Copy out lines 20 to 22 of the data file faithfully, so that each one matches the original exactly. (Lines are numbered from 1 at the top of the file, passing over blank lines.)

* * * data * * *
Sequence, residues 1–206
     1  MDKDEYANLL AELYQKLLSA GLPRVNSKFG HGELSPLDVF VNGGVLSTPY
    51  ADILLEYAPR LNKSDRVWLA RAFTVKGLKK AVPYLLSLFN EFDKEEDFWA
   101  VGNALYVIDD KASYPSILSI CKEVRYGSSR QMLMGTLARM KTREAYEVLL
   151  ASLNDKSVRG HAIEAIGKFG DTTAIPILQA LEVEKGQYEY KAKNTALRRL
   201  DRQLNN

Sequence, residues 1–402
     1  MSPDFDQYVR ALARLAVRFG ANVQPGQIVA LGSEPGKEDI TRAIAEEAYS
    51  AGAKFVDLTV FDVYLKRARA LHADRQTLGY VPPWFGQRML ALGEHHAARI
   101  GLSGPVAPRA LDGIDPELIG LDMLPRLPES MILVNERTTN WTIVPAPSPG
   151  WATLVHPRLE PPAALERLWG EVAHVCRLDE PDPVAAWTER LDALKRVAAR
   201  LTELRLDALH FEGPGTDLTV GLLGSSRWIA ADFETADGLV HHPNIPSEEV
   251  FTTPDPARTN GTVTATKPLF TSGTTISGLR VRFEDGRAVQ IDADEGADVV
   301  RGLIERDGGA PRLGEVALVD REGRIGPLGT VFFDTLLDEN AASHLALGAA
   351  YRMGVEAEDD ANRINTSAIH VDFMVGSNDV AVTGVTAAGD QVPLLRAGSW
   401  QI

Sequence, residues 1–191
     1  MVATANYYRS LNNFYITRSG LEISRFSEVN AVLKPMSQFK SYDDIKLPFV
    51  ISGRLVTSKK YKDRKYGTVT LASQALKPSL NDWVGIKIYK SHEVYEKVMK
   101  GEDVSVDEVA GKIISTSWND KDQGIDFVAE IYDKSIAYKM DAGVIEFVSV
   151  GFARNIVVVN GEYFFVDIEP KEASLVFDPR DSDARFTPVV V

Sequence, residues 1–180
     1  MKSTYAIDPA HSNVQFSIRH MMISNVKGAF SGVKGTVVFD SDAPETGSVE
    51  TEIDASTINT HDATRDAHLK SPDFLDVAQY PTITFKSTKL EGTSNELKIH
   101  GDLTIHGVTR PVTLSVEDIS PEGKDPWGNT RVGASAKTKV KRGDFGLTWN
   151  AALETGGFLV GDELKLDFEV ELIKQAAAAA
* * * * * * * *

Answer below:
   101  GEDVSVDEVA GKIISTSWND KDQGIDFVAE IYDKSIAYKM DAGVIEFVSV
   151  GFARNIVVVN GEYFFVDIEP KEASLVFDPR DSDARFTPVV V

Sequence, residues 1–180